Himalayan Griffon Vulture Flew Over Peck Seah Street

We often find huge birds in local zoos but we never thought we’d see them in action on the streets until today.

On Thursday (9 Jan), Stomp reported a rare sighting of the Himalayan griffon vulture at Peck Seah Street. The animal is considered to be the second-largest vulture in Asia thanks to its massive wingspan that ranges from 2.6 to 3.1 metres.

A driver posted a video of the encounter on Facebook.


Here’s what you need to know about this interesting find.

Himalayan griffon vulture flies above streets

A driver was cruising along Peck Seah Street towards Maxwell Road at around 7pm yesterday (8 Jan) when he saw something spectacular.

A large bird hovered nearby, appeared in his rear-view mirror and flew past to the front of the car before landing in the middle of the road.


He told Stomp,

I’m not sure why the bird just stayed in the middle of the road. It seemed lost.

Fortunately, there was minimal traffic at the time, so most vehicles slowed down to pass by. The griffon didn’t stay on the streets for long, and later flew towards Chinatown.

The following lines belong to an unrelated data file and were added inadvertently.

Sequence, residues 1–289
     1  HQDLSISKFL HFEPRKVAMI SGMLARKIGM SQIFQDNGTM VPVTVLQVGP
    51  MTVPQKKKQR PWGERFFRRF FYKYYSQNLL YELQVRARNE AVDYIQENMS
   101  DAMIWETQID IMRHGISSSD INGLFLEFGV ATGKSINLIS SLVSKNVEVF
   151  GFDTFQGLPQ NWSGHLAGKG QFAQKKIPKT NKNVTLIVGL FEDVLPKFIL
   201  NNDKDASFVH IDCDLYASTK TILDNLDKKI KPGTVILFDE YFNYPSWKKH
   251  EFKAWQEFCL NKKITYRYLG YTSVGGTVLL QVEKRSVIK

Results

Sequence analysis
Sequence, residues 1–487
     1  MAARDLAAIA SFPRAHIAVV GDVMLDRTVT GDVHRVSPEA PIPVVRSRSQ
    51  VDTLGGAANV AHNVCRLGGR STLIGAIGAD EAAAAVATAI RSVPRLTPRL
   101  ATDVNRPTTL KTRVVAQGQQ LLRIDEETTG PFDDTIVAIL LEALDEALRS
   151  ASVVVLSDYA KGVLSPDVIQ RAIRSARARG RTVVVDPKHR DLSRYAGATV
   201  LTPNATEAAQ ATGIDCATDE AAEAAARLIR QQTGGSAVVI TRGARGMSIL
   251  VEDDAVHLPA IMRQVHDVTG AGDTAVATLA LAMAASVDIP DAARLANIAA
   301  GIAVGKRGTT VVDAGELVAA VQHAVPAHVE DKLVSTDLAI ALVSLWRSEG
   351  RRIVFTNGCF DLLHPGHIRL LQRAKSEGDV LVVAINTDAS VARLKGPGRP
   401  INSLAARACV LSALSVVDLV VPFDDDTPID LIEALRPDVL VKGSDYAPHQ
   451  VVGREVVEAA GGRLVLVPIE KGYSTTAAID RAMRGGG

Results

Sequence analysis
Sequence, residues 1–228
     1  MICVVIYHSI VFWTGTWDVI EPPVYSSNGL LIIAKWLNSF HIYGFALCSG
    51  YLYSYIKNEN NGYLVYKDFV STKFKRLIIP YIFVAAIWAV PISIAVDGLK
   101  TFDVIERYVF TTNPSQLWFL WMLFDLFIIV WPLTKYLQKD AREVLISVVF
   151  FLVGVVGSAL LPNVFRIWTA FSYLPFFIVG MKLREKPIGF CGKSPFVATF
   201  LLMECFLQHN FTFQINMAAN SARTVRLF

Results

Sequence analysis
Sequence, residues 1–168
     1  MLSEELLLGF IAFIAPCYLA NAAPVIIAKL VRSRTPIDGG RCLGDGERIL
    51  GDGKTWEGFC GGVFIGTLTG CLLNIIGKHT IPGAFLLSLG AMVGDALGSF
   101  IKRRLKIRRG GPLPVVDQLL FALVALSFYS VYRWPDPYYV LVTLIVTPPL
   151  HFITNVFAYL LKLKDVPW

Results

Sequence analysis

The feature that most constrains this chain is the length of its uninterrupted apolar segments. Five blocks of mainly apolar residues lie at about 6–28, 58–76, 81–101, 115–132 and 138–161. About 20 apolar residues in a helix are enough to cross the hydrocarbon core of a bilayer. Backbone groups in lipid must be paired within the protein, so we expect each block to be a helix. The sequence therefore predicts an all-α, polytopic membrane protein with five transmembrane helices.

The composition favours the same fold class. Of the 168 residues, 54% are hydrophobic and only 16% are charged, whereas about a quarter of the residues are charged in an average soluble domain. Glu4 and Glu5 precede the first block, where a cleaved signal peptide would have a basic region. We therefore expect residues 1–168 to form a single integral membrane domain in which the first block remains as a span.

Advice for future encounters

Mr Kalai Vanan, deputy chief executive officer of Acres Wildlife Rescue Centre, confirmed that the bird was a Himalayan griffon vulture. They usually reside in the Himalayan region in Central Asia.


Authorities have not rescued the bird, so he offered advice to people who may spot it:

If sighted on the ground, do not approach them and give them space.

Locals should contact Acres Wildlife Rescue Centre hotline at 97837782 if they discover that the bird is stranded or injured.

The species is not a migratory bird so they rarely wander around the city.

Keep calm in future encounters

If you ever encounter the Himalayan griffon vulture, keep calm and don’t panic. They’re probably unfamiliar with the city, so give them space and don’t approach them.

They may be weak or hungry because of the long flight from their home so kindly contact authorities if you find them.

Have you seen the vulture in Singapore? Let us know in the comments.

Featured image adapted from Facebook and Oriental Bird Images.